Lesson 3: Collective engagement and commitment drive better individual resilience
Resilience is a very personal and individual trait. But today’s crisis also shows how people are using collective engagement and commitment to sustain their own resilience and fortitude. Think of the workers in healthcare, food/delivery services, education, public services, and many other sectors who find the strength to continue forward. For some, the motivation may be money-related, but it also comes from the value that they deliver to the community and to their families, and because of the commitments they’ve made. They are encouraged and supported by others to continue to push through and deliver essential services to the rest of us. Every day, we see new tributes to the “frontline workers,” and to those that have had to adjust to cancelled graduations, weddings, sports competitions, and so many more events. As a community, our recognition of the hardship and sacrifices becomes fuel for resilience.
The key takeaway here is that while change is inherently an individual process, the collective engagement of peers, managers, colleagues, and leaders can dramatically raise one’s own ability to change and one’s capacity for resilience.
Lesson 4: Sustaining resilience is both about necessity and compelling goals
Early on in a crisis, compliance can take center stage—we adjust to what authorities tell us to do, we modify our own behaviors because we’re either told, or strongly encouraged in the face of limited information. But sustained change and resilience ultimately need to be connected to a compelling, ambitious goal that can keep us going—flatten the curve, reduce deaths, find a vaccine, etc.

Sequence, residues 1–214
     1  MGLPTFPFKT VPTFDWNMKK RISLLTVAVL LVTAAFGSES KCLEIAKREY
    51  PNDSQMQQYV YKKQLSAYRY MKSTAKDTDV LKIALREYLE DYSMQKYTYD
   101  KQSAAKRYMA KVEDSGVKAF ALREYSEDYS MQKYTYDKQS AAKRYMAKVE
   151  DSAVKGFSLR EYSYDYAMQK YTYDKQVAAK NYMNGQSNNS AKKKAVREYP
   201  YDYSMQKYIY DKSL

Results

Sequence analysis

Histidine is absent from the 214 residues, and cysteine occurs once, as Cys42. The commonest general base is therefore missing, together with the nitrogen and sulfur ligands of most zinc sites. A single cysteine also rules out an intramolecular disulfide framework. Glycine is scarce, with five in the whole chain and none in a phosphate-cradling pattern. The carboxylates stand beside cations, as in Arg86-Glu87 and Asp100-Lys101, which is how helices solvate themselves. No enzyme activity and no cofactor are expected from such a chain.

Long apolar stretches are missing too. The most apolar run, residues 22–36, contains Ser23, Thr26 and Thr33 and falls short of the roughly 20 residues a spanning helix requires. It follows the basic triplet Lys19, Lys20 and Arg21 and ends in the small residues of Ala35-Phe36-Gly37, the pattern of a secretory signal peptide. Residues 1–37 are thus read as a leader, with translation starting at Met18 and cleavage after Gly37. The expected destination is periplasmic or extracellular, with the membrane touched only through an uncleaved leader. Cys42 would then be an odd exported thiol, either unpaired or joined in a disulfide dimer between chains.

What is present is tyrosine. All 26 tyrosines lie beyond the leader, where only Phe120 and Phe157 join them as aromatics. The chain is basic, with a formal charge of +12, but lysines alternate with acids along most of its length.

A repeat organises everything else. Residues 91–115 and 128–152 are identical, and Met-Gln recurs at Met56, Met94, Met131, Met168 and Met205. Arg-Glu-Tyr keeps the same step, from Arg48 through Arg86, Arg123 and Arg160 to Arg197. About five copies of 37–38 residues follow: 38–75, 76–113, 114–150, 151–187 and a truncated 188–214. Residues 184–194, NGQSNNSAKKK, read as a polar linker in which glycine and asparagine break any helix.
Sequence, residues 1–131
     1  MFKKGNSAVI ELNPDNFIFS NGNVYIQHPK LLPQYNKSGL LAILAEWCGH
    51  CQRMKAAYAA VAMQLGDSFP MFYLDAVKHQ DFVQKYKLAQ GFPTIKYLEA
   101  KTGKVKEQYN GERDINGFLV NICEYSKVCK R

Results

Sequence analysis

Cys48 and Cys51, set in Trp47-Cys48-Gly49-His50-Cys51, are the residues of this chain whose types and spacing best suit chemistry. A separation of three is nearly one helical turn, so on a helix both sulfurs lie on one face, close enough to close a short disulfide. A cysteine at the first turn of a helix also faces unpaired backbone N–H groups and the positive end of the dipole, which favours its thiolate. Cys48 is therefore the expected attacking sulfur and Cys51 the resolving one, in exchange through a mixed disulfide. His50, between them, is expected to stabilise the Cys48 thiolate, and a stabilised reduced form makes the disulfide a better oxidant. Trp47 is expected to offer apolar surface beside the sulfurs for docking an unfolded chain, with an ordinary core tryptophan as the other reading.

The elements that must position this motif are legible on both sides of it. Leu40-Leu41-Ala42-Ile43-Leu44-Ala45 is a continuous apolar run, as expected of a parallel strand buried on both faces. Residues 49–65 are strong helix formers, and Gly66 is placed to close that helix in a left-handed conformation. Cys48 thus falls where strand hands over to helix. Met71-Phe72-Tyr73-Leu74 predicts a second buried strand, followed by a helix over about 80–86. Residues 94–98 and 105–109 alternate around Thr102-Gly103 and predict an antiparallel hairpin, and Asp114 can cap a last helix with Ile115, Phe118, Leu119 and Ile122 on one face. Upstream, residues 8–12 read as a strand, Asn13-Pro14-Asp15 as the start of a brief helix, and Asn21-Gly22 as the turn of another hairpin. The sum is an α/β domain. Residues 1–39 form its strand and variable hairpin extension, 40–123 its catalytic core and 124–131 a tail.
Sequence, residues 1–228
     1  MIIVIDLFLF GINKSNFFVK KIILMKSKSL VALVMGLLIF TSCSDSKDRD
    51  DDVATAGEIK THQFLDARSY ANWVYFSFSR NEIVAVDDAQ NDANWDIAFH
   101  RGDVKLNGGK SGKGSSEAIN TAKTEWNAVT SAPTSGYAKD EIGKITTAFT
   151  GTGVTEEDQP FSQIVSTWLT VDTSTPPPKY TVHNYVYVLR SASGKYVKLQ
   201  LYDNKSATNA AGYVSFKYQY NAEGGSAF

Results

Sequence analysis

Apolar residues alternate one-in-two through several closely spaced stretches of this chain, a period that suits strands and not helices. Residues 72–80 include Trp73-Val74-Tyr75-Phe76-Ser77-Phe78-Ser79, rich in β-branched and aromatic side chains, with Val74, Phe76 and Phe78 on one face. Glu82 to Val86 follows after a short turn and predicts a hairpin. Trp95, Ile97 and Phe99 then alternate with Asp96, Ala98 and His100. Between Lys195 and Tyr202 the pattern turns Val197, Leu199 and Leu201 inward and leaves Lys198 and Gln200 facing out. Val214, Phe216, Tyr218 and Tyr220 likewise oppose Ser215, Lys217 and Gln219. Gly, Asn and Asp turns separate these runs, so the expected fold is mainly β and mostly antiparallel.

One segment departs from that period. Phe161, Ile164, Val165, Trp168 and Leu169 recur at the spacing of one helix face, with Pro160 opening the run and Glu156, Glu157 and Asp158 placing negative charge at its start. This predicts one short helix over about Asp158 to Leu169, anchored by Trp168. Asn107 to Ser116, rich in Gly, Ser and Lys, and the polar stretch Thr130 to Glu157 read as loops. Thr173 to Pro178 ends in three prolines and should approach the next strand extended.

Ultimately, our resilience comes from our ability to translate a macro goal into a personal, meaningful one—protect our close ones, help our community, support others. If that connection between the bigger goal and the more personal one doesn’t exist, resilience falters.
For organizations, the lesson is that compliance is not fuel for real change and is often a dangerous illusion that leaders can misinterpret for engagement. Successfully mobilizing workforces for change requires a connection between the ambitious, collective objective and the personal, meaningful one. Resilience is about continuously answering the question “Why or for what/whom am I doing this?”
As I write this, our way out of the crisis remains unclear—how long will it take, how many more people will be affected, what radically different behaviors may become the new normal? But what is becoming more and more evident is that our collective and individual resilience, and how we engage it, will dramatically impact our ultimate success and what we learn from this crisis. As a change management practitioner, I remain unabashedly optimistic. By raising self-awareness and engaging our own resilience, we’re much more likely to succeed in creating and driving the sustainable change that we need.